University of Michigan's Novum brings home the best American student team finish

Novum took home the University of Michigan’s most successful world finish yet in a historic second-place win in the 2017 Bridgestone World Solar Challenge.

After five days of racing across the Outback through sun, storms, and fierce winds, Michigan crossed the finish line as the first American team to reach Adelaide. Novum’s unconventional skinny, monohull design was an innovative risk—and it paid off.

Our engineers designed and built a small car that broke from solar car design convention, which dictates maximizing array area at all costs, even at the cost of aerodynamic efficiency. This year, UM Solar Car went for a smaller, lighter, more aerodynamic car despite its smaller array area, and equipped it with a highly efficient solar array. This had never been done before in solar car racing—it was a risk, and it paid off.

On October 12th, Novum crossed the finish line and made history, bringing home the best performance by any American student project team.

The smallest, most aerodynamic Michigan solar car ever produced. 

On July 7th at the historic Michigan Theater, we proudly unveiled Novum in the company of our friends, family and sponsors.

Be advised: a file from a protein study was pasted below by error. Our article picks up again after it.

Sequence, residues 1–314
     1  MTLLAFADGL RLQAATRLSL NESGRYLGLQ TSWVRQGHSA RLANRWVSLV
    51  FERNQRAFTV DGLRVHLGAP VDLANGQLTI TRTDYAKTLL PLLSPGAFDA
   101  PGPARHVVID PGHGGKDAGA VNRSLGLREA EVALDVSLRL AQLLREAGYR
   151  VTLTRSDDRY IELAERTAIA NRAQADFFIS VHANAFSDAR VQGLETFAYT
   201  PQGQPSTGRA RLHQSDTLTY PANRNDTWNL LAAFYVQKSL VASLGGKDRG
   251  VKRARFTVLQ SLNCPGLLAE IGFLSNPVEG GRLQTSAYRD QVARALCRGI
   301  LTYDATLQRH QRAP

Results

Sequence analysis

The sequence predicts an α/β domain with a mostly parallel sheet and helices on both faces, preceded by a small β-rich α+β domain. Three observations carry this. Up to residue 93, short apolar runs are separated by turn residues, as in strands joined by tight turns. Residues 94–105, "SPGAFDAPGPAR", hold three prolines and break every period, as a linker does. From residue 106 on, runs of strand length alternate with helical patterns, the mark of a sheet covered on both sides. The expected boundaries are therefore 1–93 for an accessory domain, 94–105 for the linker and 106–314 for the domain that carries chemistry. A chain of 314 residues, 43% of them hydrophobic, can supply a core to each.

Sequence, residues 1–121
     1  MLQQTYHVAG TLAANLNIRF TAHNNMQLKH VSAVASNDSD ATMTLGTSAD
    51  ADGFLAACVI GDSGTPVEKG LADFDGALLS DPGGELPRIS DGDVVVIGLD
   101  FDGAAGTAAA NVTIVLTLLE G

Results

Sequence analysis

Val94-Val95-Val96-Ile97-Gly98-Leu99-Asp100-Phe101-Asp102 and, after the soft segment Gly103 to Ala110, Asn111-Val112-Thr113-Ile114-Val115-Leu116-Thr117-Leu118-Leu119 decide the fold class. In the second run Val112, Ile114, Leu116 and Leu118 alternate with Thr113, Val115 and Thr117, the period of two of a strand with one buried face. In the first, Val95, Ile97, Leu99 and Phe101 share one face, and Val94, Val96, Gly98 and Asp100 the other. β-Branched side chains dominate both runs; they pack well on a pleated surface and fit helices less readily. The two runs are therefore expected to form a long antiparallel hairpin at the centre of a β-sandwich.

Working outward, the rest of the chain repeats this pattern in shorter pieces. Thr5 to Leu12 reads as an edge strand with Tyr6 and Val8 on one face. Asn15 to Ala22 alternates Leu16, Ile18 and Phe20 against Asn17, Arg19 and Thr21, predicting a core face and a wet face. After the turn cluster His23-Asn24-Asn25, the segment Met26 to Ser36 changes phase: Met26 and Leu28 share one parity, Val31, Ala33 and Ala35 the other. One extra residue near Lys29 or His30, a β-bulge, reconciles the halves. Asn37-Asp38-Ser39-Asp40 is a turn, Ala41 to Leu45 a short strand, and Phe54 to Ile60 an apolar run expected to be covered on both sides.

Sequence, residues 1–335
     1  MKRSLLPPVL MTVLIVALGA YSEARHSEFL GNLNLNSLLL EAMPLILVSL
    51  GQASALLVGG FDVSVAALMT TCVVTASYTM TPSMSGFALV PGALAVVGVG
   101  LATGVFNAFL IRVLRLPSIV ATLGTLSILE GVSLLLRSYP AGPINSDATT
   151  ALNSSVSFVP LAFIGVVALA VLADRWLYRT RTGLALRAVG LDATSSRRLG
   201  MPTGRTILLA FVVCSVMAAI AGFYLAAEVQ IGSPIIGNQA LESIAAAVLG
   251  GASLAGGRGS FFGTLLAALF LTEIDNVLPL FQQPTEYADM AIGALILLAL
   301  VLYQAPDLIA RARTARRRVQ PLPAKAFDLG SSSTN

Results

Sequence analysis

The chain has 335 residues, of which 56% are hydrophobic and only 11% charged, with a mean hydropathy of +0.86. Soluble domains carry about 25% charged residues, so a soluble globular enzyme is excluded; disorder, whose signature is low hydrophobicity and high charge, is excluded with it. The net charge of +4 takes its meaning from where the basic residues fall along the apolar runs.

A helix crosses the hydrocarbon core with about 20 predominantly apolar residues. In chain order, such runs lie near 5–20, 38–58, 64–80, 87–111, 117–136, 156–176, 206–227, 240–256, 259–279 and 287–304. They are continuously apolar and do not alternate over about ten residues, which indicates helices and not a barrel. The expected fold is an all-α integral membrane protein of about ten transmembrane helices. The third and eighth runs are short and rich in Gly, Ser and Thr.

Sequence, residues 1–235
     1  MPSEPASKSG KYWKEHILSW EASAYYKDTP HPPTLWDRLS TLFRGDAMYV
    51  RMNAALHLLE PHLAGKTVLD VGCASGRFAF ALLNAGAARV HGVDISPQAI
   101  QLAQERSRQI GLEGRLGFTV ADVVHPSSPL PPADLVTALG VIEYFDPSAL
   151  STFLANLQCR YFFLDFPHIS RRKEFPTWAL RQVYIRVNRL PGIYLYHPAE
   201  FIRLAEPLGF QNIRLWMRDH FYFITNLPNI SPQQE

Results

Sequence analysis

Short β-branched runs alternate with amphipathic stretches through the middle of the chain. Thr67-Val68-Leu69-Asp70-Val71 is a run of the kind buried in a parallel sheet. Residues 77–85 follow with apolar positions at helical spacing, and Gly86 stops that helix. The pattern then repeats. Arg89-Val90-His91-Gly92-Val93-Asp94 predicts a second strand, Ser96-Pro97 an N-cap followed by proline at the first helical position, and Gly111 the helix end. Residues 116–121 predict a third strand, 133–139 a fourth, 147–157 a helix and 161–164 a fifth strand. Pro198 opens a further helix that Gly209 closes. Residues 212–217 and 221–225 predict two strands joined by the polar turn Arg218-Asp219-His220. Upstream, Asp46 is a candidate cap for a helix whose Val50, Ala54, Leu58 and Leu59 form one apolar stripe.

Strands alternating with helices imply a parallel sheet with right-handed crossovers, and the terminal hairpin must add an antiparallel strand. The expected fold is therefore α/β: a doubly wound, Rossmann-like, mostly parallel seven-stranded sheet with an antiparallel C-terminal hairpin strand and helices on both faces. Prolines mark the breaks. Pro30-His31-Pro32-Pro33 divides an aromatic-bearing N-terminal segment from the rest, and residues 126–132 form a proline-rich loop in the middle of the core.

Aptly named Novum–Latin for ‘new thing’–the design, manufacturing process and solar technology behind the national champion team’s fourteenth car is different than anything they’ve ever done before.

Measuring just over one meter shoulder to shoulder, Novum is roughly 43 percent narrower than the team’s last vehicle, Aurum. And according to experimental simulation data, it’s roughly 20 percent more efficient.

“The team had to have three things in order to make the switch to the small car,” said Engineering Director Clayton Dailey. “The insight, or the idea, the resources, and the willingness to take the risk. We have to be willing to do something that hasn’t been done before – going to the unknown.”

“I think this race will usher in the next era of solar cars,” Dailey said. “And hopefully we got this right, and are the first to jump on the ship – to a single-fairing, long, skinny car."

Read more: Solar Car Team Goes Small to Win Big at World Solar Challenge